Note: I’m sure there’s a better way to do this, but I actually wrote an app that quickly opens AirDrop windows on the Mac side of things. I found an appropriate AppleScript online, compiled it to an app, and use Spotlight to launch it. Very handy when I’m more focused on iOS than OS X at the moment.

Sing out your Mac

Use tcsh (just enter /bin/tcsh) and then:

  • repeat 22 echo "da" | say -v good
  • repeat 26 echo "da" | say -v cello
  • repeat 22 echo "da" | say -v "bad news"

and of course

  • say -v cello droid

Was reminded of this today by:

Pinning tabs in Safari

Because sometimes people forget: Right-click the tab and choose Pin Tab from the pop-up. To remove a pinned tab, right-click again and either un-pin or close it.

Pinned tabs appear in all new tabbed browser windows as well.

Screen Shot 2016-04-13 at 4.04.55 PM Screen Shot 2016-04-13 at 4.05.02 PM

Xcode Upgrades: Lessons learned

Yesterday was remarkably instructive when it comes to how badly App Store can completely mess up a download: particularly for a popular app like Xcode that’s being requested by gazoodles of people at once.

CeGpK4VXEAA4jja

My download got stuck over and over. I had to clear out my app store caches, restart my app store daemons, and reboot my computer several times.

I ended up with a partial install that thought it was done, that installed all the “extra” components on launch, and then turned out to be a 7.2.1 install that was convinced it was 7.3. It was not.

I even cleaned up the whole install process, tossed my mangled 7.2.1, restored a copy from Time Machine (not a quick process), and tried to update again from the store.

I couldn’t use Xcode during this time to get any work done.

Screen Shot 2016-03-21 at 5.13.19 PM

I spent roughly 8 hours all told downloading, installing, and updating Xcode, much of which could have been bypassed by following two simple rules:

  1. Never update Xcode from the Mac App Store
  2. Wait until Apple posts the upload on developer.apple.com/downloads and  then update from there.

When Apple’s servers are overwhelmed they begin delivering artisanal teaspoons of hand-curated data via authentically indigenous pack animals to your computer. Apple has taken its passion for the slow data delivery movement beyond its products and introduced it into its upgrade practices.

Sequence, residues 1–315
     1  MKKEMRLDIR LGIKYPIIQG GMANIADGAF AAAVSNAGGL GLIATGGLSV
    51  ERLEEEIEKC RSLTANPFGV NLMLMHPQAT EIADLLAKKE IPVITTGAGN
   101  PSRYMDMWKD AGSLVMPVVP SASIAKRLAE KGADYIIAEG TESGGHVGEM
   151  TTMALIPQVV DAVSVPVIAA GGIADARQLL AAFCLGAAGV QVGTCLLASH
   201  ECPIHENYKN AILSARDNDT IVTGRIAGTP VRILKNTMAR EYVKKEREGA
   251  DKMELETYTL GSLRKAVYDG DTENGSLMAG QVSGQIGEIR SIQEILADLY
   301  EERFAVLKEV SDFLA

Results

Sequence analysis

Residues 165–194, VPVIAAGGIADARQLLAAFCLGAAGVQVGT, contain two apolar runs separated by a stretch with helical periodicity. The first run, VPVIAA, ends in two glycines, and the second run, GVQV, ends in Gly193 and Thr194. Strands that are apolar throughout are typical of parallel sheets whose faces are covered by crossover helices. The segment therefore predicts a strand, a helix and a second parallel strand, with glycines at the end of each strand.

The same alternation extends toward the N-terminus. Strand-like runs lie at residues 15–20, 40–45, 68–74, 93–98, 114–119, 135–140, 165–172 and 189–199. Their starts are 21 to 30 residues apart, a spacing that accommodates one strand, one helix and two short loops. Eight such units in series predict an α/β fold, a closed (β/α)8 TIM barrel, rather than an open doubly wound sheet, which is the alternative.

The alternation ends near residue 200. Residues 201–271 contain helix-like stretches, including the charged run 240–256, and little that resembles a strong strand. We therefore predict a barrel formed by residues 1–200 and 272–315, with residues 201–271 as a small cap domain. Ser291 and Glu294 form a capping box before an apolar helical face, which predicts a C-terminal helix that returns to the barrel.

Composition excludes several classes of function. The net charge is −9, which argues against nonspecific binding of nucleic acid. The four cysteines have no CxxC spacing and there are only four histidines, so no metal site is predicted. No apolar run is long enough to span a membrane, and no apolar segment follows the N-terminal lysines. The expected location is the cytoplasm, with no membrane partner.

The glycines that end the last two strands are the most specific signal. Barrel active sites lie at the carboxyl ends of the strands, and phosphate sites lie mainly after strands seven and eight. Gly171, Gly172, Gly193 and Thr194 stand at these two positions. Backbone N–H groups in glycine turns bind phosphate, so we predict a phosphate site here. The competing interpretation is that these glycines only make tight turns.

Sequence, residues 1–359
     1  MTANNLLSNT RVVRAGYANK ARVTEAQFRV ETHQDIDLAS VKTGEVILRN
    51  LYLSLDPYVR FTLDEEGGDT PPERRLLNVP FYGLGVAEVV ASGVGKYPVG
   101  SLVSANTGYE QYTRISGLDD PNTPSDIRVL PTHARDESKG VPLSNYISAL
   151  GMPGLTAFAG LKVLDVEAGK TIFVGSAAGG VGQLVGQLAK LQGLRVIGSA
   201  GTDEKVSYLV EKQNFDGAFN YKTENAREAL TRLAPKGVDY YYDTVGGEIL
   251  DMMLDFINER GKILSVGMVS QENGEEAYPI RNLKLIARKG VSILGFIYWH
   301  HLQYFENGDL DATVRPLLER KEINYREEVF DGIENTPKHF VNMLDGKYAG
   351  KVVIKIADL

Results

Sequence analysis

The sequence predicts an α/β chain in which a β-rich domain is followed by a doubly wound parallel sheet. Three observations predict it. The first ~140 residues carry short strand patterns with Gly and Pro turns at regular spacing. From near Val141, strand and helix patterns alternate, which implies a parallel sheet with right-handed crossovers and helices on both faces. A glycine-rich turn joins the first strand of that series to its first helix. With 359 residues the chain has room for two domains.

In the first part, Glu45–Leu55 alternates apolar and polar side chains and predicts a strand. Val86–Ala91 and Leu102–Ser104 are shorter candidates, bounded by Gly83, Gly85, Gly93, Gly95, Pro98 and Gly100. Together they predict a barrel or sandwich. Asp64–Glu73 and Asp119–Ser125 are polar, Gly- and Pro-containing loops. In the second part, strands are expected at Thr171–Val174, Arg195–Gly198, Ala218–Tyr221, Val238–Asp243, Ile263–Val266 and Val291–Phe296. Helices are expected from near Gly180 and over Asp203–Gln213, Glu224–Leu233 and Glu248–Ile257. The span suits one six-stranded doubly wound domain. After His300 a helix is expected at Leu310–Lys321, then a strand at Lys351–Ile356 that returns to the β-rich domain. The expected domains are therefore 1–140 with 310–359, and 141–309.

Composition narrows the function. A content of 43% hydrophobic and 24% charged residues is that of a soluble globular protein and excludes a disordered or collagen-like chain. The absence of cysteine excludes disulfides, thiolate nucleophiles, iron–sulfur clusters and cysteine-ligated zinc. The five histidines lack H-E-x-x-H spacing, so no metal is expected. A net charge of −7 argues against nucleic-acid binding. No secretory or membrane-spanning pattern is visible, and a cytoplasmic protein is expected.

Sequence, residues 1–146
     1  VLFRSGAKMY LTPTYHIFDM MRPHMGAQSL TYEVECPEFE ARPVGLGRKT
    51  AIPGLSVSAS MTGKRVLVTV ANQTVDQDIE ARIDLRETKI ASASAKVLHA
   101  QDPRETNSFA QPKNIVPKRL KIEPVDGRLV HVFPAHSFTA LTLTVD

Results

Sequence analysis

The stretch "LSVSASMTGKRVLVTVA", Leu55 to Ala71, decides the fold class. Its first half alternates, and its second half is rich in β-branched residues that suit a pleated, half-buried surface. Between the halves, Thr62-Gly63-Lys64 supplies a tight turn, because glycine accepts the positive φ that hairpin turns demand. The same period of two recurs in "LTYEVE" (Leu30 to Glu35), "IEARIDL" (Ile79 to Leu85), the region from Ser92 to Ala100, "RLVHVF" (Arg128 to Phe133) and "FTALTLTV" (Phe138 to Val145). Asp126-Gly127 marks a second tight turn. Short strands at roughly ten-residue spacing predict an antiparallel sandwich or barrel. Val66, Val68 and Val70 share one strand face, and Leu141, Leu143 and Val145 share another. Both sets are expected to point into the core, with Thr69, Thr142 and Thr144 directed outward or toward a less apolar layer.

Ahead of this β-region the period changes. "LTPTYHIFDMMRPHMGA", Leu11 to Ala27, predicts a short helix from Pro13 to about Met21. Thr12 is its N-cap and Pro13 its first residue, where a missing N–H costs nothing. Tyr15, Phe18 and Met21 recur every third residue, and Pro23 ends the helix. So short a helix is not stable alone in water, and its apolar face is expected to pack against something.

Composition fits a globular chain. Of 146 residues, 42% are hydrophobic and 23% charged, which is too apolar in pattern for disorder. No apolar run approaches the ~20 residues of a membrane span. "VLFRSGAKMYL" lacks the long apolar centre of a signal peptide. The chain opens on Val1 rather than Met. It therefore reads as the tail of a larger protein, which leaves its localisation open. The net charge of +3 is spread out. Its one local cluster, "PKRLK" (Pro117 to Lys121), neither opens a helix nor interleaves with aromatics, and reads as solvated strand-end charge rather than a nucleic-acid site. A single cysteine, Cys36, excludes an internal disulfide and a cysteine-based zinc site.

Screen Shot 2016-03-22 at 9.43.41 AM

As part of their continuing mission to leave the world a better place, Apple delivers beautiful products using the most impact-free transmission. This commitment assures that developers are forced to stop work and smell the roses, as Apple promotes appreciation for our beautiful planet and life outside of the IDE window.

Under such circumstances, you’ll always be better off  downloading the bossy full-figured 5GB dmg than upgrading a model-thin Chanel-wearing 2.6GB differential, especially when servers are mocking you with NananaNAN completion estimates.

This is why you should always wait for a DMG. No matter how long it takes to appear on the developer site. No matter how slow the download ends up being. The advantages of downloading a DMG are numerous:

  1. It does not block you from  using Xcode during the entire day or however long it takes for your download to complete.
  2. It does not hang App Store or produce a situation where it insists on taking over the download (“Apple’s App Store download servers have a cheerful and sunny disposition. It is their pleasure to download for you using the gentle rhythms of tectonic flow and their satisfaction to keep you from getting any work accomplished, with a knowledge of a job well done.”)
  3. You can see exactly how much data has downloaded in terms of real progress and not imaginary hidden-temporary-file weird pkgs that takes over your /Applications folder and refuse to surrender that spot once active.
  4. Simple downloads are better for your resting heart rate, your blood pressure, and world peace.